Chernobyl Exclusion Zone

The Chernobyl Exclusion Zone is the officially designated exclusion zone around the site of the Chernobyl nuclear reactor disaster. Its purpose is to restrict access to hazardous areas, reduce the spread of radiological contamination and conduct radiological and ecological monitoring activities. Today the Exclusion Zone is one of the most radioactively contaminated areas in the world and draws significant scientific interest for the high levels of radiation exposure in the environment, as well as increasing interest from tourists. Continue reading for more strange places that you may not have known about.

5. North Sentinel Island

North Sentinel Island

North Sentinel Island is home to the Sentinelese who, often violently, reject any contact with the outside world, and are among the last people worldwide to remain virtually untouched by modern civilization. As such, only limited information about the island is known. In practice, Indian authorities recognize the islanders’ desire to be left alone and restrict their role to remote monitoring, even allowing them to kill non-Sentinelese people without prosecution, thus the island can be considered a sovereign area under Indian protection.

4. Pluto’s Gate

Pluto's Gate

Pluto’s Gate, located in the ancient city of Hierapolis near Pamukkale in modern Turkey’s Denizli Province, is built on top of a cave which emits toxic gases, hence its use as a ritual passage to the underworld. Ritual animal sacrifices were common at the site. Animals would be thrown into the cave and pulled back out with ropes that had been tied to them. Archaeologists noted that the fumes emitted from the cavern still maintain their deadly properties as they recorded passing birds, attracted by the warm air, suffocated after breathing the toxic fumes.

3. Catacombs of Paris

Catacombs of Paris

The Catacombs of Paris hold the remains of more than six million people in a small part of a tunnel network built to consolidate Paris’ ancient stone mines. Extending south from the Barriere d’Enfer (“Gate of Hell”) former city gate, this ossuary was created as part of the effort to eliminate the city’s overflowing cemeteries. Preparation work began not long after a 1774 series of gruesome Saint Innocents-cemetery-quarter basement wall collapses added a sense of urgency to the cemetery-eliminating measure, and from 1786, nightly processions of covered wagons transferred remains from most of Paris’ cemeteries to a mine shaft opened near the Rue de la Tombe-Issoire.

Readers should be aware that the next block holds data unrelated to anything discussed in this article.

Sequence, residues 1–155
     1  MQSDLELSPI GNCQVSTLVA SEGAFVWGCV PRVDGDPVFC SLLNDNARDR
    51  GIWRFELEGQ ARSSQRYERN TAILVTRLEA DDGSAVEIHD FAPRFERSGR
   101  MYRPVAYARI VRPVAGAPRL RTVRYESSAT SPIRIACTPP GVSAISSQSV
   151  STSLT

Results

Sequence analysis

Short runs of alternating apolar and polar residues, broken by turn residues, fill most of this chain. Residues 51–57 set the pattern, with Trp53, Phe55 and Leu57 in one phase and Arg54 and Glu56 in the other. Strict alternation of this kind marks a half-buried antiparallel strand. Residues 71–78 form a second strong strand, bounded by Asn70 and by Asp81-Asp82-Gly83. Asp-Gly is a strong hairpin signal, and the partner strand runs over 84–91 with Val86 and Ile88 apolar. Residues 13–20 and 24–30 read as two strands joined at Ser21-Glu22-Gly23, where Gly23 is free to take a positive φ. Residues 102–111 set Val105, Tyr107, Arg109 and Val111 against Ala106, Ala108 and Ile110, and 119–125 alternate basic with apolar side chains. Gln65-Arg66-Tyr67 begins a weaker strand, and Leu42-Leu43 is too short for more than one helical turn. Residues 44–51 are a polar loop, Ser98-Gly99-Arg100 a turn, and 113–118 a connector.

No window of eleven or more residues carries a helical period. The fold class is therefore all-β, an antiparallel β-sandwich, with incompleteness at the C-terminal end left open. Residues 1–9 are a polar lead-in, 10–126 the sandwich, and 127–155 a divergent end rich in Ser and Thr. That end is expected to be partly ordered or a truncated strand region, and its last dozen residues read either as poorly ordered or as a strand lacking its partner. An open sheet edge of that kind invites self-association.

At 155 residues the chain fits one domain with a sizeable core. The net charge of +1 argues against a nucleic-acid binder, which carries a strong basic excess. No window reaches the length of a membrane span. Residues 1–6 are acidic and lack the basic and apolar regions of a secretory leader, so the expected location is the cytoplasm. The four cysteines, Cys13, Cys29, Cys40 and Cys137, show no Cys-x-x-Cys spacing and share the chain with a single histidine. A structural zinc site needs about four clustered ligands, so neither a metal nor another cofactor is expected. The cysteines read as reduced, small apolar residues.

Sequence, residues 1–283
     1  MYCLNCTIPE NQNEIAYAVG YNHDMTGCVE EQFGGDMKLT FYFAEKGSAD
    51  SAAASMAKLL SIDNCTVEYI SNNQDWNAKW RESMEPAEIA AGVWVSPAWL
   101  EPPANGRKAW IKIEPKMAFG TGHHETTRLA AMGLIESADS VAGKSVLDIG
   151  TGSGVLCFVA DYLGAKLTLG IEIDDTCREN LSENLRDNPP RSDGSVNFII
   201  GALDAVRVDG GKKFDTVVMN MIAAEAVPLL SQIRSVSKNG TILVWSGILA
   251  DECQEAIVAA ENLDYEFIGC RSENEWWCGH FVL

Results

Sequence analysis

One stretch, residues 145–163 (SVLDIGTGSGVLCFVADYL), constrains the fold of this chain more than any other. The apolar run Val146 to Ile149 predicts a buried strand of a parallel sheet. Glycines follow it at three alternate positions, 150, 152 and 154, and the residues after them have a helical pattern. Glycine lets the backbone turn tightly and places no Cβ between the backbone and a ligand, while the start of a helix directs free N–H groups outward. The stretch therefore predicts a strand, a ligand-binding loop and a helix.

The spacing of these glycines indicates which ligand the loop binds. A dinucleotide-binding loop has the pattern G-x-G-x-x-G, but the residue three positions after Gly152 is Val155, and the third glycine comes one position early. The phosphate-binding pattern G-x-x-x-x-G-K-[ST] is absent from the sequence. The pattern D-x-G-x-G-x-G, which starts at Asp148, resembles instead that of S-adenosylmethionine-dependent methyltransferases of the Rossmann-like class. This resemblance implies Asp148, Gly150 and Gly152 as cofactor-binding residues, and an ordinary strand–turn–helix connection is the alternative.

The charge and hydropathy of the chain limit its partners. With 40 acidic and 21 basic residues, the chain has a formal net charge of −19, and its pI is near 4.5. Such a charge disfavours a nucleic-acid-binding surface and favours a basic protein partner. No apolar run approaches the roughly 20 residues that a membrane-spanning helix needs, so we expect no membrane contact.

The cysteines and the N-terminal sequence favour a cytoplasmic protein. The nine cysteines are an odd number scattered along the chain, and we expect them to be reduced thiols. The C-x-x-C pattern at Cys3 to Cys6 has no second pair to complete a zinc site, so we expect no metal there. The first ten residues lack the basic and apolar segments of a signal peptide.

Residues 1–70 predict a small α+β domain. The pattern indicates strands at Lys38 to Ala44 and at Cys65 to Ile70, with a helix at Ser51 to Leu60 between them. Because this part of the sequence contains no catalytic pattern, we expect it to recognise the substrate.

2. Poveglia Island

Poveglia Island

Poveglia is a small island located between Venice and Lido in the Venetian Lagoon, northern Italy. A small canal divides the island into two separate parts. Some time after the island had become a quarantine station for ships arriving at Venice in the 18th century, a plague was discovered on two ships. The island was sealed off and used to host people with infectious diseases, leading to legends of terminally ill Venetians waiting to die before their ghosts returned to haunt the island.

1. Snake Island

Snake Island

Snake Island is located off the coast of Brazil in the Atlantic Ocean, and has many different types of terrain, ranging from bare rock to rainforest, and a temperate climate. It’s the only home of the critically endangered, venomous Bothrops insularis (golden lancehead pit viper), which has a diet of birds. The snakes became trapped on the island when rising sea levels covered up the land that connected it to the mainland, leaving them to adapt to their environment, increasing rapidly in population. The island is now rendered dangerous to public visitation and closed to the public in order to protect this snake population; access is only available to the Brazilian Navy and selected researchers vetted by the Chico Mendes Institute for Biodiversity Conservation, the Brazilian federal conservation unit.